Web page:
of domestic violence homicides. In 2006-07, 11 people have been
murdered; in 2005-06 of the 34 domestic violence homicides, six
victims were male, 28 were female of which 20 victims were BME
women. The ethnicity breakdown of the 20 women were:
Currently, the MPA and MPS are trying to ascertain
the age and ethnicity dimensions of both victims and perpetrators
and what lessons can be learned to further assist the preventative
and campaigning work undertaken by the MPS and its other key CJS
and voluntary partners and stakeholders. Critically young people,
whether directly or indirectly, may be victims of domestic violencea
key issue the Board is keen to address.
In an MPS report, which was submitted to EODB
in June 2006, youth crime remains a concern for boroughs, with
youth victims accounting for 40% of total personal robbery.
Engaging with young people is crucial towards
gaining and maintaining the trust and confidence of young people.
The MPS, together with its partners, such as Transport for London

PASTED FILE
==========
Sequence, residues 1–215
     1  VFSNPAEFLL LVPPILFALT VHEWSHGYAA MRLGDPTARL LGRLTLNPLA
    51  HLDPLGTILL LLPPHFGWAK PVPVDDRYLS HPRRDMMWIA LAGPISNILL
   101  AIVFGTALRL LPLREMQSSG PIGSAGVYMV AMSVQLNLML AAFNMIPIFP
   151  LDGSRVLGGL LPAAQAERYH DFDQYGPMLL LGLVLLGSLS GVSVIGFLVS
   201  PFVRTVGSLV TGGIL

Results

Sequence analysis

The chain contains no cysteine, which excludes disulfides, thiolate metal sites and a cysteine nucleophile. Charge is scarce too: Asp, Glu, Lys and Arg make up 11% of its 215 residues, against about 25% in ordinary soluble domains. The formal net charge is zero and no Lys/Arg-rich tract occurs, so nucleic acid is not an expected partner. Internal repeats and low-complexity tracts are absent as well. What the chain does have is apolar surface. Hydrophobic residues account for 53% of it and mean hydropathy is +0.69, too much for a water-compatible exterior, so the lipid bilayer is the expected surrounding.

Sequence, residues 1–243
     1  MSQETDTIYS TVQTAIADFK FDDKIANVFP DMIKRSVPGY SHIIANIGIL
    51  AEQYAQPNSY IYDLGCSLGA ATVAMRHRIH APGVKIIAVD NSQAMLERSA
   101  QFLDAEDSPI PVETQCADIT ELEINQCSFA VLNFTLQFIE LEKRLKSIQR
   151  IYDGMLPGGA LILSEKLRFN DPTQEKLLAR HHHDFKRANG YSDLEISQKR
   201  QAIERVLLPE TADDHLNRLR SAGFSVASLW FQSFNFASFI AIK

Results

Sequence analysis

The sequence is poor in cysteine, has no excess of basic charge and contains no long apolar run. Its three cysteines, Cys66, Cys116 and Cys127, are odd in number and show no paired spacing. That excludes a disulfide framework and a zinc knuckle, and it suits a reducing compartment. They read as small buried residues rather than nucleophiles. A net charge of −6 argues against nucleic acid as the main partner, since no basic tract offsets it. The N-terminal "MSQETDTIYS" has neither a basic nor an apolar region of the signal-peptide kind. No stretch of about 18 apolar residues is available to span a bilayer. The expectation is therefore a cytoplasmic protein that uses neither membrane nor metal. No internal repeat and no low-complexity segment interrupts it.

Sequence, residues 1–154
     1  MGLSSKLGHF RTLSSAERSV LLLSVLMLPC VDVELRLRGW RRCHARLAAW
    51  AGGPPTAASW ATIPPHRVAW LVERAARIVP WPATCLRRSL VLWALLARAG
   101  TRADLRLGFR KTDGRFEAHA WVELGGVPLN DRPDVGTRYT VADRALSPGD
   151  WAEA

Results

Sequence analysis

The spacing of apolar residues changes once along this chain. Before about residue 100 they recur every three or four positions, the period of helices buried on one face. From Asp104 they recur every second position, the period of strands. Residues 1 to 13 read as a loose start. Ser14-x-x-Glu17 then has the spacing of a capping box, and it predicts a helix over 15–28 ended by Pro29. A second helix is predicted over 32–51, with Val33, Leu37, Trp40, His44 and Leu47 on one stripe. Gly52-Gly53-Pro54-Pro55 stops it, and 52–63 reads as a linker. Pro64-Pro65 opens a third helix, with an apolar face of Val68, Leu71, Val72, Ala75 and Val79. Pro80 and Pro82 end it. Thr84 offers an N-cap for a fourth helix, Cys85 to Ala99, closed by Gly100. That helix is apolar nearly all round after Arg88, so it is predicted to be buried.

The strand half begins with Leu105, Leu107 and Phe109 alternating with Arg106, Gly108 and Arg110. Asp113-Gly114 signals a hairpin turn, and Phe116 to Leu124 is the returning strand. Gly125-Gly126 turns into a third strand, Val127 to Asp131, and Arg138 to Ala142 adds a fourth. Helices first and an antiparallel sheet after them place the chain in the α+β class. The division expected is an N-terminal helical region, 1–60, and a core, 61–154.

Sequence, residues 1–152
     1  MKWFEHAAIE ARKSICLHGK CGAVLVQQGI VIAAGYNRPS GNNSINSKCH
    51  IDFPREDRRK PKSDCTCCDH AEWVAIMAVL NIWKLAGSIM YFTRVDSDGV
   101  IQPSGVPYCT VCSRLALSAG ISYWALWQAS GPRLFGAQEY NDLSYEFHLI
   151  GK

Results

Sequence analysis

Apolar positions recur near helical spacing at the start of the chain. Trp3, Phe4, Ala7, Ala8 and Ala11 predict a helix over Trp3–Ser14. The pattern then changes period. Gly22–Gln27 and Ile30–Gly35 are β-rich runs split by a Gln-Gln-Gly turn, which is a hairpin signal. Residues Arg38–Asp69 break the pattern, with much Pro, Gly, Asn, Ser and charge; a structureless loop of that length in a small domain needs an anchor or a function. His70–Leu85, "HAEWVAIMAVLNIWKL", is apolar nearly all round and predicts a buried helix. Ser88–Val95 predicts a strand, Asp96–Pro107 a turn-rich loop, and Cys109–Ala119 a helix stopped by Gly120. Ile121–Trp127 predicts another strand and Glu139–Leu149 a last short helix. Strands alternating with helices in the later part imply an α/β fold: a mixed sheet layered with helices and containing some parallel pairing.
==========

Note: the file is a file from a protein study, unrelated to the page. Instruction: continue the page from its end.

(TfL) and British Transport Police (BTP), have made significant
in-roads and developed pro-active strategies to assist actual
and potential young victims of crime. However, for the MPS there
is the challenge of developing sustainable engagement with young
people outside of crime-related operations and successful initiatives
such as Operation Blunt (anti-knife crime). The MPS has also carried
out notable groundbreaking work through Operation Trident (guns
in the Black communities) and with the Trident Independent Advisory
Group (IAG) developed high profile anti-gun campaigns.
On 7 February 2006 Prime Minster Tony Blair
and policing minister Hazel Blears announced that every neighbourhood
in the capital will have its own dedicated police team by April
20072 years ahead of schedule.
The programme remains on course for delivering
the full rollout of the 630 Safer Neighbourhoods teams into every
area of London by the end of December 2006. These teams will have
a minimum staffing level of one sergeant, two police constables